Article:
I’m an advocate of safe environmentally responsible resource management because my children need to live on this planet longer than I do. So don’t take the wrong way. This is post has no technical merit and is very unbalanced. I am surprised to find it on one of my favorite fishing blogs. A quick search shows that fracture fluid is 94.62% water, 5.24% sand, and 0.14% minor components. Minor components are acid, oil, and alcohols that are all non-toxic and used at higher levels in household cleaners. Factor in the fact that shale wells are fracted approximately 1 mile bellow the water table in PA, NY, and WV and it is clear that surface water wells are not impacted from below. The radio active material that comes up through a gas well is typically radon which is released into the atmosphere once pressure is released in a holding tank. Again this does not impact water supplies. I agree that there are also better options for cheep energy like oceanic wind farms and hydrological floats. Everyone wants affordable energy and it is what allows American’s to live the lives we do.

  8. Dave W.

    I did a quick search and it confirmed what was in the movie. Fracture drilling uses a property chemical mixture so they don’t have to tell you whats in it. Too many health risk and natural gas still isn’t alot cheaper than oil!

  9. Robert Mc Carthy

    I agree with TR no Technical merit!
    Not what I want tp see or have to read on a Surf Caster Journal blog.

  10. fishtrek

    TRisser, No chemical has no effect on the enviroment that it is exposed to. Just read MSDS’s under the Toxicology section. I agree this may be the last thng we want to see, but if we fish we need to know of outside forces that will effect a way of life. What we need to do is to be politicaly active. No energy source is cheap and things need to be done right as to eliminate fture problems. What the answer is I am not sure, but we need to know and not just see the one sided beautiful commercials that we are exposed to. A statement once made, “We need to make it better for those after” holds . That is or responsibility and legacy.

  11. Mike S.

    Not sure a complete stop of drilling for natural gas is the answer …. if there are issues with the process then maybe we need to find a better / safer technology to drill. While natural gas may not be cheaper then oil, apperently we do have more of it then oil and hence we should be depending on it more then we depend on oil. As for safer means of energy …. I am ALL for it, but I’m sure their are those that are not gonna be happy with a farm of wind turbines off the shoreline or across the plains of middle America?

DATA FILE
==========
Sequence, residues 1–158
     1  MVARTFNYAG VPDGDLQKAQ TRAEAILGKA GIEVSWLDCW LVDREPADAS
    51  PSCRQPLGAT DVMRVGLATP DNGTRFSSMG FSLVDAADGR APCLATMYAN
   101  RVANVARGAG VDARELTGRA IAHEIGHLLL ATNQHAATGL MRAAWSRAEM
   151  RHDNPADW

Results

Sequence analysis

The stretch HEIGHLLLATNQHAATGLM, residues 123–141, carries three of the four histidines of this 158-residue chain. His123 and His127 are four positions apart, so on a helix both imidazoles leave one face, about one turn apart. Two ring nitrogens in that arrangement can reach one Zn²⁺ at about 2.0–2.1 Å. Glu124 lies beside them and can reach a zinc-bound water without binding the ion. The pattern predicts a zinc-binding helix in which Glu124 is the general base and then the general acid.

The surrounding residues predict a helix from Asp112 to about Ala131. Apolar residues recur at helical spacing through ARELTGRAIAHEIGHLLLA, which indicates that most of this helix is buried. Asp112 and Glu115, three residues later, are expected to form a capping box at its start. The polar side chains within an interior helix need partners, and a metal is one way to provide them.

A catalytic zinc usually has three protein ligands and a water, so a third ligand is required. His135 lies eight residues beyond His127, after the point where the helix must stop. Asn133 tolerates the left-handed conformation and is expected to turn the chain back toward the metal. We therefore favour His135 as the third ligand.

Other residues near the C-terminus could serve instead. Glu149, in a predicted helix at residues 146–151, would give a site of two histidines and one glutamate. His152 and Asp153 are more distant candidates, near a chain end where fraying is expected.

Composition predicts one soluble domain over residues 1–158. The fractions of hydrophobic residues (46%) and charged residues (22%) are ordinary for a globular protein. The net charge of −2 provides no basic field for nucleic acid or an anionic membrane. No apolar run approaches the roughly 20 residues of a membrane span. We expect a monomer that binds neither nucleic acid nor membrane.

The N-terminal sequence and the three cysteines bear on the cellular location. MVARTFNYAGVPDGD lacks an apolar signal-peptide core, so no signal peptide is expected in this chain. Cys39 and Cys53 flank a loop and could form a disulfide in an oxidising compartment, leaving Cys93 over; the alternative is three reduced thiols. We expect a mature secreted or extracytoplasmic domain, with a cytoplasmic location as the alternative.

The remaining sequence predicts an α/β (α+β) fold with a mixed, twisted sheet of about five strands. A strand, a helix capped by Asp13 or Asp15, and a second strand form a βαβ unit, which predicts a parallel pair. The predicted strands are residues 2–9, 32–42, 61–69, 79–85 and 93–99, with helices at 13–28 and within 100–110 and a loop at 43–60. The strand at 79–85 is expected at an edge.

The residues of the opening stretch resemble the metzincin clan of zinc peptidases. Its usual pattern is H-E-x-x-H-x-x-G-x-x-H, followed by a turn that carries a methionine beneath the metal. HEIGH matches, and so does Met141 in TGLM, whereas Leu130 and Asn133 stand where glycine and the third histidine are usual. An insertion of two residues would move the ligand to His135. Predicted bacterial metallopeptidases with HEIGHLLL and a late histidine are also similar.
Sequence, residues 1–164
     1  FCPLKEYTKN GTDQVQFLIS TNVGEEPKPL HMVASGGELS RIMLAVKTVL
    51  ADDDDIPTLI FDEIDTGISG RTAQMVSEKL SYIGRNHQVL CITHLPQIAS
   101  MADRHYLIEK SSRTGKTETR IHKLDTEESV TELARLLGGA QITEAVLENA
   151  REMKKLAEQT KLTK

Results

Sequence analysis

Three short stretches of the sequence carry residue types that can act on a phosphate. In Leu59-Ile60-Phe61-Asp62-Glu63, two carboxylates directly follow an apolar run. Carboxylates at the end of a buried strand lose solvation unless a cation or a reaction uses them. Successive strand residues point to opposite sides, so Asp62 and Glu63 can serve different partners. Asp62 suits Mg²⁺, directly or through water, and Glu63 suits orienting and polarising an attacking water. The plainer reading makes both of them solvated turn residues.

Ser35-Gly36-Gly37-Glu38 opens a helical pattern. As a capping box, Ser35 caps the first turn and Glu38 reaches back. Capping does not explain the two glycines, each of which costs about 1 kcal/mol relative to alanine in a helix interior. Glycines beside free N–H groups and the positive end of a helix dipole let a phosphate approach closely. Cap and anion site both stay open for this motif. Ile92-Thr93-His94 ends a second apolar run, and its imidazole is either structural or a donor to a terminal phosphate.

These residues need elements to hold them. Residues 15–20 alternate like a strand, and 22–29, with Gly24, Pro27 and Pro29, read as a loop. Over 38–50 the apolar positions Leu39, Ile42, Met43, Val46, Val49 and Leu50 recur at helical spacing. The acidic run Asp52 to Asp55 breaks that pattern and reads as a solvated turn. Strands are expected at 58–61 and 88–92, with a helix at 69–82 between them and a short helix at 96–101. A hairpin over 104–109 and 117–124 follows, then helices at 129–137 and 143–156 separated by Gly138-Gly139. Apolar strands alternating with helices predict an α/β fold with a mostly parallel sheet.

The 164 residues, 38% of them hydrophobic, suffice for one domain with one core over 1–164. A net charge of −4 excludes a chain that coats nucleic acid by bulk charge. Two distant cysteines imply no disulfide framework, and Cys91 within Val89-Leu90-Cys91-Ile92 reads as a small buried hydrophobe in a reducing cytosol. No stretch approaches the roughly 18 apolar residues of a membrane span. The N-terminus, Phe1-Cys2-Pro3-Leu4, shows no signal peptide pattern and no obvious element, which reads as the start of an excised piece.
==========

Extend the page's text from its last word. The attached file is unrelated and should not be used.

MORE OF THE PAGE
Not looking to offend anyone or dispute anything that has been said, just my 2 cents ….

  12. Jason

    The Purpose behind me submitting the article here was not meant to sway anyone’s concerns toward the environment. Environmental concern should be part of every outdoorsman regardless of activity.

    The purpose was to broaden the view of what our fisheries face on a daily basis and in the near future.

    All I ever here is the commercial industry is killing stocks, the recreational contingent does more damage, or Omega is depilating the food source.

    No one ever mentions the environment, especially what takes place outside the coastal environment.

    The fact is the Chesapeake bay is not in good condition and that is the grounds that our striped bass have historically come back to.

    All the push for a NOAA license and state licenses to manage our fishery we be for not if the spawning environments continue to be degraded.

  13. Kevin

    I just watched “Gasland”, after reading about it here on the site. It really blows my mind that this practice occurs so regularly without so much as a peep. After that film I am embarrassed that a fellow human being could do this to others and our environment. I also found a recent Cornell study where they found that the total effort to get the final gas product emits just as much CO2 as burning coal. Amazing what the wonderful commercials put out by the gas giants aren’t telling us. As a young american who isn’t even out of school yet, I am worried about our future and the future of our environment.

  14. TRisser

    I agree we are all responsible for stuwarting our natural resources. The US has tremendous stocks of oil, gas, and coal (the largest). Pulling it out of the ground and burning it cleanly is vital to every creature health. I just wish that people who post state scientific data and not redirect so the masses know how they can help. After reading several books and article I realized cutting back on detergents and fertilizer is the best way for me to help the Striped bass. I live in Harrisburg and the CBWS. If everyone does something little that equals something big. What can you do?